Microsoft's Internet Explorer 8 Non-Beta browser has been out for a few hours now and we have had the opportunity to test the beast and we have to say, we were impressed.
(1) Internet Explorer 8 requires a PC restart
That was something we were not expecting. Installing Internet Explorer 8 requires the uninstallation of IE7 first. None of Internet Explorer's main competitors (Chrome, Opera, Safari or Firefox) requires the user to restart their computers. It may not sound like a big thing until, like us, we needed to urgently restart our test machine in the middle of our installation.
(2) Like Firefox, you can install Add-ons
You can install add-ons on Internet Explorer 8. There are 484 add-ons and accelerators currently for Internet Explorer 8. They will allow you to add more features to Microsoft's latest browser for free and within seconds. In comparison though, Firefox has 2866 plugins and many of them fundamentally change the way the alternative browser works or looks.
(3) Unlike its Release Candidate, Internet Explorer manages memory better
One major difference between the final version of Internet Explorer and previous editions is that IE8 runs as multiple processes rather than a single one.
Furthermore, while the Release Candidate of IE8 seems to be suffering from memory leakage, the final version appears to be immune to it. We previously experienced cases of IE8 RC1 taking 1GB memory under Windows XP with one tab opened. The final version is humming away with 200MB and three tabs opened.
(4) You can crash IE8
We managed to crash IE8 on a ZDNet webpage and on Browsershots (see screenshots below). We also encountered an error when we tried to "unclose" a HTTPS window. This means that issues do exist and you can expect security experts to delve into the browsers code in more details over the next few months to find out vulnerabilities. Crashing a tab no longer blows away the whole browser though.
(5) You may be able to open 100 Windows Tabs
We didn't actually opened that many but managed to bring up a few dozens without getting our system to slow down significantly. The browser was all the way and navigating between the opened tabs was fluid.
(6) You can't navigate between tabs using your keyboard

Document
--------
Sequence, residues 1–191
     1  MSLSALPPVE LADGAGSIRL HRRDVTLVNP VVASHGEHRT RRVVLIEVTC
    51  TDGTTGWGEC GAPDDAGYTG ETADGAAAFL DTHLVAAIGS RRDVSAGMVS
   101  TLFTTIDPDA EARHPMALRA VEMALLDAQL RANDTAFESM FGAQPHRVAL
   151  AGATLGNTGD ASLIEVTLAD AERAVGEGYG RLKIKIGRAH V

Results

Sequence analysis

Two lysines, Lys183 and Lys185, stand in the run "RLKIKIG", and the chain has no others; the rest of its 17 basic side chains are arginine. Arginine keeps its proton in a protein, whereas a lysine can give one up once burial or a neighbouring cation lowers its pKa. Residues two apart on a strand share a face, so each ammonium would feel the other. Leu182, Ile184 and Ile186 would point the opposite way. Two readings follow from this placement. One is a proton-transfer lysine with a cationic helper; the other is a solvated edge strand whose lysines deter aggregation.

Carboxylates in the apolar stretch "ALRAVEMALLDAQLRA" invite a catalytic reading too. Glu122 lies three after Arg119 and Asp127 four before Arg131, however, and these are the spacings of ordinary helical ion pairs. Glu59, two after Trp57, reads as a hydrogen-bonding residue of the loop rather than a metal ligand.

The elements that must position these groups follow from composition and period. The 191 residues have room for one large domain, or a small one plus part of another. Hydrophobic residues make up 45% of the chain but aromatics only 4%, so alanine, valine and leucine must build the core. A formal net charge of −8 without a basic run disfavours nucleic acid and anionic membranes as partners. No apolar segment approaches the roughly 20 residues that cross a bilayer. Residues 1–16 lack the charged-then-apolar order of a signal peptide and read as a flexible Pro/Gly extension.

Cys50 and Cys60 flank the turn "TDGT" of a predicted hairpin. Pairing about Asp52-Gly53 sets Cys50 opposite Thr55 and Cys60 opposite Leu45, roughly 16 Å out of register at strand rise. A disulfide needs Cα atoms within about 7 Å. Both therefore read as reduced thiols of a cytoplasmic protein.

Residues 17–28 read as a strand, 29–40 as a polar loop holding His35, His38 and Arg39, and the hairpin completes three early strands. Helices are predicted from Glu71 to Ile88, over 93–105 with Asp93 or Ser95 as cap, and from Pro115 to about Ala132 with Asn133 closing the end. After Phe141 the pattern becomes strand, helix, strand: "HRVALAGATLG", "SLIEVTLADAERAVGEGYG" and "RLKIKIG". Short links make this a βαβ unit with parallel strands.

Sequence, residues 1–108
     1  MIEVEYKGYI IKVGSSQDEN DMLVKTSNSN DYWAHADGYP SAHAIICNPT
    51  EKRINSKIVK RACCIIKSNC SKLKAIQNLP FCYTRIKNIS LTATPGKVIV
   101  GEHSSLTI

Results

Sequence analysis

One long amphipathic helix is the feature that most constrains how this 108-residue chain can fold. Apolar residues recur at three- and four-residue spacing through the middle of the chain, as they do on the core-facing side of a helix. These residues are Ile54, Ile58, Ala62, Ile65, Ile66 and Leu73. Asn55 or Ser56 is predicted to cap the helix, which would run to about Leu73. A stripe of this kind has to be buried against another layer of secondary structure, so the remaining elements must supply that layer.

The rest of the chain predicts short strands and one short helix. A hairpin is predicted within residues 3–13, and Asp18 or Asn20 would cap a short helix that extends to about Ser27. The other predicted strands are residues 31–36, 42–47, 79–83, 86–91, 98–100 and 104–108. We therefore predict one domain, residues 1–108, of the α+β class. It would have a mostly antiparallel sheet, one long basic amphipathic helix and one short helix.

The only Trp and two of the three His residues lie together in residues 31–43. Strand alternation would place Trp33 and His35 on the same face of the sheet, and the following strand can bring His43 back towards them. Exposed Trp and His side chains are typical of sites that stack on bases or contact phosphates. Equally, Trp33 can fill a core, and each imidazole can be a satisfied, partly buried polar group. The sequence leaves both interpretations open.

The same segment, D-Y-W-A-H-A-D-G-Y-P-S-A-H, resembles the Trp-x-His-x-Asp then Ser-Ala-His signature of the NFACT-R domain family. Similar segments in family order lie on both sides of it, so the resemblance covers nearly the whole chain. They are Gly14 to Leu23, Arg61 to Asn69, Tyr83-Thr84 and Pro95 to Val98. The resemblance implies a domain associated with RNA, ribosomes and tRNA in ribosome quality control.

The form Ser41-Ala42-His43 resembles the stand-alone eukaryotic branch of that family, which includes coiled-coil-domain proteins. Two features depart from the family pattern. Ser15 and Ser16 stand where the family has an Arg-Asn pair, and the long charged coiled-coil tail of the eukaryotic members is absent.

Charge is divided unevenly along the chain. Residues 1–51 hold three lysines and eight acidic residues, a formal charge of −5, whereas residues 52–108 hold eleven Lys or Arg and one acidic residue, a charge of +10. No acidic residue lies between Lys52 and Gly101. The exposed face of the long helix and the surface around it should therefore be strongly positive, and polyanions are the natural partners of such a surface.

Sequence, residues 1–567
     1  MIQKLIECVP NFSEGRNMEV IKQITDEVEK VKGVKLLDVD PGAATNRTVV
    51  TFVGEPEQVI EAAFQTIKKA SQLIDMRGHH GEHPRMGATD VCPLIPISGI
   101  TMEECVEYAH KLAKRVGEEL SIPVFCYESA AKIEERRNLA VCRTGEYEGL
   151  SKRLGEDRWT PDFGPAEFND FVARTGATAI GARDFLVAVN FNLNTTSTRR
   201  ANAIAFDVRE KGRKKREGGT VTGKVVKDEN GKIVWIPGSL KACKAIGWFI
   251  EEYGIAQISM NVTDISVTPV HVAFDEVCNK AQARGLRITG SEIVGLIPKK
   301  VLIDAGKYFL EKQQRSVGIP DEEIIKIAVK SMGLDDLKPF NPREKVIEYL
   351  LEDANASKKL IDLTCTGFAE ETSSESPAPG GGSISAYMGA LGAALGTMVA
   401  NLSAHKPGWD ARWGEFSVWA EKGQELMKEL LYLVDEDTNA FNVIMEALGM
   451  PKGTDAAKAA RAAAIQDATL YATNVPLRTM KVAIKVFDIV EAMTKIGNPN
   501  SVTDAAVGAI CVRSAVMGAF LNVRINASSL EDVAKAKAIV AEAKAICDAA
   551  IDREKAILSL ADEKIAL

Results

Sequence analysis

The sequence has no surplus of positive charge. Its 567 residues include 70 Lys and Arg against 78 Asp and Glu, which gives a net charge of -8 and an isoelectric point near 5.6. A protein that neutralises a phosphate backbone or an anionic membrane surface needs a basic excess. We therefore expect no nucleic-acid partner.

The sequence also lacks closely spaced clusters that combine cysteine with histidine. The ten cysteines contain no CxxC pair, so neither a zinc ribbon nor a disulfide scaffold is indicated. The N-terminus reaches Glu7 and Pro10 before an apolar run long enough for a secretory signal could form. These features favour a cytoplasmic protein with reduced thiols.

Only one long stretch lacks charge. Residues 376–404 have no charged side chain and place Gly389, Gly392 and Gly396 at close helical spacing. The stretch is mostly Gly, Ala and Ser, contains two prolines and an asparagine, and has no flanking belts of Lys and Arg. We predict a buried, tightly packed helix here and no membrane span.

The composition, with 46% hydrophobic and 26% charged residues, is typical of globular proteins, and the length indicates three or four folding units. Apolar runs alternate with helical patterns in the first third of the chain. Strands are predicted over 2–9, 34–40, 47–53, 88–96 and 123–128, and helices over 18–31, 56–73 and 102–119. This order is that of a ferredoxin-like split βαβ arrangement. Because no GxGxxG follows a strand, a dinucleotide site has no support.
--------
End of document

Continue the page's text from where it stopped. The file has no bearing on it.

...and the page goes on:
All of IE8's rival offer a keyboard-only mode of navigation for tabs using CTRL and page up/down. This means that you can only rely on your mouse to find your way between tabs. Not ideal. If you hold the Control (CRTL) key and press the Tab button in IE 8 it will switch you between multiple tabs. It goes in one direction only and unlike say, Alt-Tab, even SHIFT key doesn't help (thanks to Mark for the tip).
(7) IE8 has been downloaded more than 12 million times
Using records from Fileforum, Dowload.com and Softpedia, we found out that IE8 has been downloaded more than 12 million times in less than 8 hours. In comparison, Firefox 3 was downloaded 8 million times in 24 hours in June 2008. Internet Explorer 8 has already surpassed Opera in our web statistics but is still lagging behind IE6.
(8) IE8 might force developers to check whether IE-only websites are still compatible
Microsoft's latest browser is not compatible with more than 2400 websites including some big names. ZDNet has a full list here dating back from February 2009 but it is likely that more websites will be added to it as IE8 becomes more popular.
(9) IE8 is compatible with Maxthon and the popular IE7Pro
We've tested IE8 with Maxthon and IE7Pro. They are two of the more popular Internet Explorer "Super Applications" with the first downloaded more than 196 million times. Maxthon and IE7Pro will extend Internet Explorer's feature set.
We will be using IE8 more regularly from now on and it may in the short term even replace Google Chrome. It is faster, safer, less resource hungry and more compatible than ever before. You can download Internet Explorer 8 here.